How to Retrieve Mac OS X 10.8 Active Directory Computer Account Password

Written on January 11, 2013

Active Directory bound Mac OS X computers traditionally stored the computer account credentials in /Library/Preferences/DirectoryService/ActiveDirectory.plist. As of OS X 10.7, this has been moved to the (theoretically) more secure System Keychain. Because of this, a slightly different method has to be employed to extract the computer account password. Fortunately, this is easier than the old plist method. Simply run the following command in Terminal as root (or any sudoer):

security find-generic-password –sw "/Active Directory/MARGIESTRAVEL" /Library/Keychains/System.keychain

This command broken down:

  • security is the application for accessing keychain information. It is automatically decrypted and presented in a somewhat readable format as though you were using Keychain

  • find-generic-password retrieves the contents of a Keychain item

  • -w is an option that tells security to only return the password, and to StdOut. By default, security returns generic info to StdOut and returns the password to StdErr. –w “fixes” this
  • -s is an option that tells security to return the item of service type <string>

  • "/Active Directory/MARGIESTRAVEL" is the name of the keychain item in string format. Obviously this is the Directory Service path to the domain (you can verify by running dscl)

  • "/Library/Keychains/System.keychain" is the filesystem path to the System keychain itself

If you want your script to be redistributable (hint: you do), you can do the following to get the name of the computers’ domain:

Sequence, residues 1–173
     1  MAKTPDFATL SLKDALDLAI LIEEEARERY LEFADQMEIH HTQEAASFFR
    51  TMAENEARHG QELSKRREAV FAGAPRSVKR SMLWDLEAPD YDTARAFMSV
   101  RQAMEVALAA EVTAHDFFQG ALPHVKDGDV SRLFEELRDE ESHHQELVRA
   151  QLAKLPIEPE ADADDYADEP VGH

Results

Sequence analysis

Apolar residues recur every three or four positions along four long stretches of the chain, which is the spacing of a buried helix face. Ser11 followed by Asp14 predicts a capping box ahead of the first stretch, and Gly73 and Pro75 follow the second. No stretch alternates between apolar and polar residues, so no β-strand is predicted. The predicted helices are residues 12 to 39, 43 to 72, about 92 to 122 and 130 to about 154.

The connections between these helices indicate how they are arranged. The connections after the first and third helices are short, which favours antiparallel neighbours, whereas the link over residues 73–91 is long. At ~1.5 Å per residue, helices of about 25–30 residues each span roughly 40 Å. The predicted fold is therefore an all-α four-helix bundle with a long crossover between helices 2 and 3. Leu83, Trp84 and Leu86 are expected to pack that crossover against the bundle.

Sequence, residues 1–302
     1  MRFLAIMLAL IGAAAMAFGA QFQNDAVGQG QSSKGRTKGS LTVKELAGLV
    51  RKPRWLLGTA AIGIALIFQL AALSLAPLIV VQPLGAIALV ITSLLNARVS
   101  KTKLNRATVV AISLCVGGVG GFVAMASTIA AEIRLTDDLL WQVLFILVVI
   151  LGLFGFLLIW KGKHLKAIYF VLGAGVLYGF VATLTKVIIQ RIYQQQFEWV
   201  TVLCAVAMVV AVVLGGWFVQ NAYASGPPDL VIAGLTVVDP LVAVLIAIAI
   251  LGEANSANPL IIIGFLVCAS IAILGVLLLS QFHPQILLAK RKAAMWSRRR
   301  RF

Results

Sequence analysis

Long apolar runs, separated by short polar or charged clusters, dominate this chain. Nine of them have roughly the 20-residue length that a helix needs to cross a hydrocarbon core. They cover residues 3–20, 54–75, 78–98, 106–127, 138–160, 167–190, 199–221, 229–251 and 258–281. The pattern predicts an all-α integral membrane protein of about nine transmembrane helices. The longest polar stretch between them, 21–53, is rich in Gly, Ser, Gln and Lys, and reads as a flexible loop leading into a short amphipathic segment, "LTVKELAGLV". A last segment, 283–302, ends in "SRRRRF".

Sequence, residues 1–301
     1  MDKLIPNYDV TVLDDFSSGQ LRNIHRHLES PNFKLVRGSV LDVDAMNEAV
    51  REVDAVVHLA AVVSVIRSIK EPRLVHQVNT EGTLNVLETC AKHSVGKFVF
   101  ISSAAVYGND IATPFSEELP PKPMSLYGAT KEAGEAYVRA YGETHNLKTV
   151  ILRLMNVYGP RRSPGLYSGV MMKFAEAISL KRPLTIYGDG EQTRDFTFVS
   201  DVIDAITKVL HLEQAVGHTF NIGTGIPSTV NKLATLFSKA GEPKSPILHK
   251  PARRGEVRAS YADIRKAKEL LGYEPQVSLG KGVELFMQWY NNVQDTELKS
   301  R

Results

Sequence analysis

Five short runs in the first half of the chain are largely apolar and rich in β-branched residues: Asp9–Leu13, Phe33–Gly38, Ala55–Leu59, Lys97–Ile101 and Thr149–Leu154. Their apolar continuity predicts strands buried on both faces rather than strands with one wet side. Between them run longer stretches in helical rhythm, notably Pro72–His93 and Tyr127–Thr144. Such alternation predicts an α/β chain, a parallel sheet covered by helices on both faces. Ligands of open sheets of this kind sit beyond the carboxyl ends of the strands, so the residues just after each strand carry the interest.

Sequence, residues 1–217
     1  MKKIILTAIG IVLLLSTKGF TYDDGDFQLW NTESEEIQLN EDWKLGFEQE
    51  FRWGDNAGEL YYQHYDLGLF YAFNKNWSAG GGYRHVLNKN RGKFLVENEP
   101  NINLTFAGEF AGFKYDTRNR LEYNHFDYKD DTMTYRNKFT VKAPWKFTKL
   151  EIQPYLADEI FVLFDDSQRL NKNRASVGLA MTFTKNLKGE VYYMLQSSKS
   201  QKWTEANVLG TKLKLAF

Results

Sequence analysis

dscl localhost –list "/Active Directory"

This will return the name of the computer’s domain. You could update the command above to implement this like so:

security find-generic-password –w -s "/Active Directory/$(dscl localhost –list '"/Active Directory")" /Library/Keychains/System.keychain

All we’re doing here is replacing the “MARGIESTRAVEL” component of the name of the keychain item with the command that asks dscl for the name of the computer’s domain. Easy!

P.S. here’s how to get the AD computer account name as well. Doesn’t deserve a blog post, but an interesting little snippet:

security find-generic-password -s "/Active Directory/MARGIESTRAVEL" /Library/Keychains/System.keychain | grep -m 1 "acct" | sed -e 's/"acct"<blob>\="//' -e 's/"//' | tr -d ' '

(This one just returns the whole keychain item and looks for the first line containing “Acct”. It then removes all the useless info around the outside of the computer name.